Stephen Cox has six pieces in the Royal Academy's Summer Exhibition this year:
Gemini III is a sculpture consisting of a base and two abstract figures carved from the same block of stone. The stone is known variously as ‘antique Egyptian’ or ‘Hammamat breccia’ and is a conglomerate with bight coloured ‘pebbles’ and fragments of diverse stones: granites, marbles, quartzes, hornblende and hematite of yellow, red, black, pink and white strewn in a greenish matrix. It has been recognised for its beauty since pre-dynastic times making its source one of the oldest, if not the oldest, ‘decorative’ stone quarries in the world. Its fame has yielded up stone to expeditions sent by early kings and pharaohs of Egypt as well as from distant lands including Xerxes and Darius of Persia and Philip of Macedon father of Alexander.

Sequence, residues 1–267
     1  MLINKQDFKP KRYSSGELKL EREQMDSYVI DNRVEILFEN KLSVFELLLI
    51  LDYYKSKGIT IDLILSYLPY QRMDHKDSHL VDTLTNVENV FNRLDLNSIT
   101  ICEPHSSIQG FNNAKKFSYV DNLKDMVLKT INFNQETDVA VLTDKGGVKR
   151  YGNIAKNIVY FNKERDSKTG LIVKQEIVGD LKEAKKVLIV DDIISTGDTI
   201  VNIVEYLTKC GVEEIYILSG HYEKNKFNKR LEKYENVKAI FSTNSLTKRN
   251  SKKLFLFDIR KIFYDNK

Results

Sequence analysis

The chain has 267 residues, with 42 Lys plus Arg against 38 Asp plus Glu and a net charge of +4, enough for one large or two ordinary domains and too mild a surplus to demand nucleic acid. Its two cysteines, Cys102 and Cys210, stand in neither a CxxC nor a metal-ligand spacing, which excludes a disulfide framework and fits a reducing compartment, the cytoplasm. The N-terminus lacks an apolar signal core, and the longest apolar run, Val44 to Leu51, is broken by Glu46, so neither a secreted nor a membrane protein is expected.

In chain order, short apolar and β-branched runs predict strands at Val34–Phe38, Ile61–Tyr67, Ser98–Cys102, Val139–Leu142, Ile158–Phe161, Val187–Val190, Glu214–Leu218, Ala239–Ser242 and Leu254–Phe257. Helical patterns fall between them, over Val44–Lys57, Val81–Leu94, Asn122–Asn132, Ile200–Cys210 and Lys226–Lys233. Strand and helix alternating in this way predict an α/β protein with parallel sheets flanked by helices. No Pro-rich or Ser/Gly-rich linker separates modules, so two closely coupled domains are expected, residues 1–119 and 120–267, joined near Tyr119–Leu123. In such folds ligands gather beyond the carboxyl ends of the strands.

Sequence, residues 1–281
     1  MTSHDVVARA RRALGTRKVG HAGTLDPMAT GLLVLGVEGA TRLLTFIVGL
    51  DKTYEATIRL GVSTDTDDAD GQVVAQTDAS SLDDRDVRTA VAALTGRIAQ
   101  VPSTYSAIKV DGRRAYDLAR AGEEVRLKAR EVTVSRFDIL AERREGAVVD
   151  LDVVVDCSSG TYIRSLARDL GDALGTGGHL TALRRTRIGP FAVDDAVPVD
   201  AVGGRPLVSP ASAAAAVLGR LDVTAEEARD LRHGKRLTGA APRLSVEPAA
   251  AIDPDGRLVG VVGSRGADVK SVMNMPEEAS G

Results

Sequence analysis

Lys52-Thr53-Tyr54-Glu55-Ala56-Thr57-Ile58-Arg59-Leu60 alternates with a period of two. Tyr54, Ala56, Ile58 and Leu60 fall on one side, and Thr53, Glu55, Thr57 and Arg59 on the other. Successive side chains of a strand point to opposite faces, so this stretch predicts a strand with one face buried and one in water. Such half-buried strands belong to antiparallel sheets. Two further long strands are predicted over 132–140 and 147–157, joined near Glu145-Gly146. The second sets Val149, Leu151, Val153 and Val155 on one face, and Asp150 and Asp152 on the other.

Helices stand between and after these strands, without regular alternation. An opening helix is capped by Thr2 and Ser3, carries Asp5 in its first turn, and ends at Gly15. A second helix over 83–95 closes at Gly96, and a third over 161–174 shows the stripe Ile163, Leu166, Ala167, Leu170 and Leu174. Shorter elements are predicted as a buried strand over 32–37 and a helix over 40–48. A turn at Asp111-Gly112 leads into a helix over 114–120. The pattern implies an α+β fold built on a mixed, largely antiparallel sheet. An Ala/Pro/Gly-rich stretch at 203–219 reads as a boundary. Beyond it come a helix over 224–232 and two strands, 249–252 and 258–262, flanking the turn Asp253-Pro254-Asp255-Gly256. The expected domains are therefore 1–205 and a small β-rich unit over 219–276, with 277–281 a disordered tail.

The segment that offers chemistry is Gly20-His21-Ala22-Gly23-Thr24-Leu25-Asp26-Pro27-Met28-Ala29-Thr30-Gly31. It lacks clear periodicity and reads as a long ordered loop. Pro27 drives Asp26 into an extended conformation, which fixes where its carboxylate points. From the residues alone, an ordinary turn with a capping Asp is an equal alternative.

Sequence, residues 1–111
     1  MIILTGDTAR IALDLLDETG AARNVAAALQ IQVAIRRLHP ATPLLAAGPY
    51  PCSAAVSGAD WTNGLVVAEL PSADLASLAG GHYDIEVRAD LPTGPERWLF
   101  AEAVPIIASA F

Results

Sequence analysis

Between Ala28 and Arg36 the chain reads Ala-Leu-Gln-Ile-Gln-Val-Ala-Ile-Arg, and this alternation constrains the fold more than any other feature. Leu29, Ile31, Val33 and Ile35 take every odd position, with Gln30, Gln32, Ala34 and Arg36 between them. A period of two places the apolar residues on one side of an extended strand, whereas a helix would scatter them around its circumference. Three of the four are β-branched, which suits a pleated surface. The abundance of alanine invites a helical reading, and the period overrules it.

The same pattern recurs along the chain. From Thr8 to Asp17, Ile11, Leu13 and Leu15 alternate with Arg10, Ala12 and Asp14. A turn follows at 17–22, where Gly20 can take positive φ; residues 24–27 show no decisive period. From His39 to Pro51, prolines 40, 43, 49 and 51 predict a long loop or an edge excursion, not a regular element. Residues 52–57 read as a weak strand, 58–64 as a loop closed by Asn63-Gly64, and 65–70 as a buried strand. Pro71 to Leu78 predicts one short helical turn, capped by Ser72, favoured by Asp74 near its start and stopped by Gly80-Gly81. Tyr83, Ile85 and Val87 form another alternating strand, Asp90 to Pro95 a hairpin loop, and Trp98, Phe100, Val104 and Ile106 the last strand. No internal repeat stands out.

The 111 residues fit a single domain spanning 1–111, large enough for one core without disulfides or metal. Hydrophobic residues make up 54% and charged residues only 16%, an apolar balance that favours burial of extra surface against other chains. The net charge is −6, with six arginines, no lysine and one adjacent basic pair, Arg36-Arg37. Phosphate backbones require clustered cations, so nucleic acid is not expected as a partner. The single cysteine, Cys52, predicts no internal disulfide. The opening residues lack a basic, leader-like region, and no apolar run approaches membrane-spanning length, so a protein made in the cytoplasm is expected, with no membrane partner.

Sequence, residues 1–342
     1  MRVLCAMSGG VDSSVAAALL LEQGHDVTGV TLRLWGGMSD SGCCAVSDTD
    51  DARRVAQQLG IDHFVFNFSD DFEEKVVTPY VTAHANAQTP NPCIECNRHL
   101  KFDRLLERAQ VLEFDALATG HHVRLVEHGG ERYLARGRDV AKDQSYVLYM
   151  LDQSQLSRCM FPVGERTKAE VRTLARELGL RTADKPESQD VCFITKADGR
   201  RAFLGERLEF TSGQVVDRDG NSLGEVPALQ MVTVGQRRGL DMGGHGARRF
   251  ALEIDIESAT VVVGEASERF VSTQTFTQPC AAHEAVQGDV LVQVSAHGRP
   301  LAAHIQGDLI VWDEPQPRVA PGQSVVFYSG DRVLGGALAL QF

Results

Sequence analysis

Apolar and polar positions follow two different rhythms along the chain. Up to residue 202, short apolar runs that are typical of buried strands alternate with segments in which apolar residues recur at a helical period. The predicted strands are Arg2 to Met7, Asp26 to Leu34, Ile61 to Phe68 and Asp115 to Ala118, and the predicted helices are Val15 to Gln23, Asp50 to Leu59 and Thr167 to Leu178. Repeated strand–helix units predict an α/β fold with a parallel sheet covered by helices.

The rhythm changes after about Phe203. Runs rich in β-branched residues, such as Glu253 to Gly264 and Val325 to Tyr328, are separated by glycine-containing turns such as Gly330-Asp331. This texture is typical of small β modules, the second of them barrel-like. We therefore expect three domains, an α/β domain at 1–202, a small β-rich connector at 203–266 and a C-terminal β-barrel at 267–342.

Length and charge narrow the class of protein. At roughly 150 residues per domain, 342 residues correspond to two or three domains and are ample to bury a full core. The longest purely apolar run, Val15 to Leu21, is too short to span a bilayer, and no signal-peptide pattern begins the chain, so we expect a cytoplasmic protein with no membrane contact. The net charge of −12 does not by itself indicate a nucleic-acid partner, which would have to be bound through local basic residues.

Two recent offering bowls formed from Egyptian breccia are engraved with typical images drawn from the the walls of the valley of the quarries.
The original graffiti was wide ranging in its subject matter. It depicted inventories of men and provisions that were tallied by the masters as well images of idols and offerings some simple, others technically very accomplished. Some of the imagery expressed the yearnings of lonely men in a savage desert environment.
The drawings Louis Khan: Siva / Kali, Black, Orange & Gray are inspired by the magnificent Indian Institute of Management designed by the great architect Louis Khan at Ahmedabad in Gujarat.